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On The Origin of Darwin
January 8, 2009 8:39 AM   Subscribe

2009 marks not only the 150th anniversary of the publication of Charles Darwin's On The Origin of Species* but the 200th anniversary of his birth as well. To celebrate, BBC Radio 4 presents a special series of Melvyn Bragg's In Our Time exploring Darwin's life and work: Episode 1 explores Darwin's unhappy childhood, his time at Cambridge University and his failure to become a priest, episode 2 focuses on Darwin's round the world voyage on the Beagle and the objects and the ideas he bought back, episode 3 looks at the publication of Darwin's masterpiece, On the Origin of Species, and the controversy it stirred, and episode 4 is set in Down House where Darwin lived out the final years of his life and which became both family home and experiment lab.

The BBC also presents Dear Darwin, a collection of letters written to Darwin by modern academics and scientists. If you prefer to read actual correspondence between Darwin and his contemporaries, you may enjoy perusing the Darwin Correspondence Project*.
posted by Alvy Ampersand (14 comments total) 21 users marked this as a favorite

 
I've been listening to these on podcast, and it's enlightening: Darwin was prone to seasickness! The entire excursion was a ruse to keep him on dry land!
posted by boo_radley at 8:47 AM on January 8, 2009 [2 favorites]


Woowoo!
posted by humannaire at 8:48 AM on January 8, 2009


Also, Cambridge will hosting the 2009 Darwin Festival in July!
posted by NikitaNikita at 8:49 AM on January 8, 2009


I've been listening to the Darwin series via the IOT podcast. Very interesting stuff, as always. IOT never fails to deliver the goods.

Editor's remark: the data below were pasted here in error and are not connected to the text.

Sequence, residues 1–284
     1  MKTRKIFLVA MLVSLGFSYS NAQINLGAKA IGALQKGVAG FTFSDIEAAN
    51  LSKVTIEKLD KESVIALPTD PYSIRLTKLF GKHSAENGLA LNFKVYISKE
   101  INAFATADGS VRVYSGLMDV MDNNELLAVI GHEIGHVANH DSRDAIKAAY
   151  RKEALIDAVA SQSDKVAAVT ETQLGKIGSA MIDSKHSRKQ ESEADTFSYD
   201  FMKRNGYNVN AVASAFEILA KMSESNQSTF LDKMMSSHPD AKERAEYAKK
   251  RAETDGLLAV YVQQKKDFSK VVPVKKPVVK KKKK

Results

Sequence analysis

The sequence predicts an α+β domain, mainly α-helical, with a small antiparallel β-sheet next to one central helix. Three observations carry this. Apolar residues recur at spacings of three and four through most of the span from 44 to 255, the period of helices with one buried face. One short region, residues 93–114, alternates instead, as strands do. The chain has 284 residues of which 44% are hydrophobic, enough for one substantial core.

The description of Darwin's time as a student at Cambridge was especially entertaining and amusing.
posted by Thorzdad at 8:49 AM on January 8, 2009


This could also be an interesting project: An evolutionary biologist is reading the Origin of Species for the first time, and will be giving a running commentary
posted by crickets at 8:57 AM on January 8, 2009


This is a great post. Thanks for sharing, Alvy.
posted by toastedbeagle at 9:30 AM on January 8, 2009


If there is such a thing as evolution? Why are there still humans walking around?
posted by doctorschlock at 9:31 AM on January 8, 2009


Nice!
posted by lumpenprole at 10:45 AM on January 8, 2009


Oh, how I am looking forward to all the Darwin festivities this year. More Darwin audio goodness: a sampling of Darwin's Beagle Journal Entries provide a great taste of life aboard the Beagle.
Dec 26:
An excellent day for sailing, but the opportunity has been lost owing to the drunkenness of nearly the whole crew.
posted by lucidprose at 10:47 AM on January 8, 2009 [1 favorite]


Anything in there about stealing some of Alfred Russel Wallace's ideas, after Wallace wrote Darwin to ask his opinion on a few things? and rushing his book out in order to be first before Wallace published, after sitting on it for 20 years or so?
posted by Aversion Therapy at 1:05 PM on January 8, 2009


Aversion, Do you have any specifics on the stolen ideas? I did some searching and came across this New Yorker essay on Wallace and a Guardian essay on the 150 anniversary of Wallace's paper. They mention the 'Delicate Arrangement' but don't delve into specifics.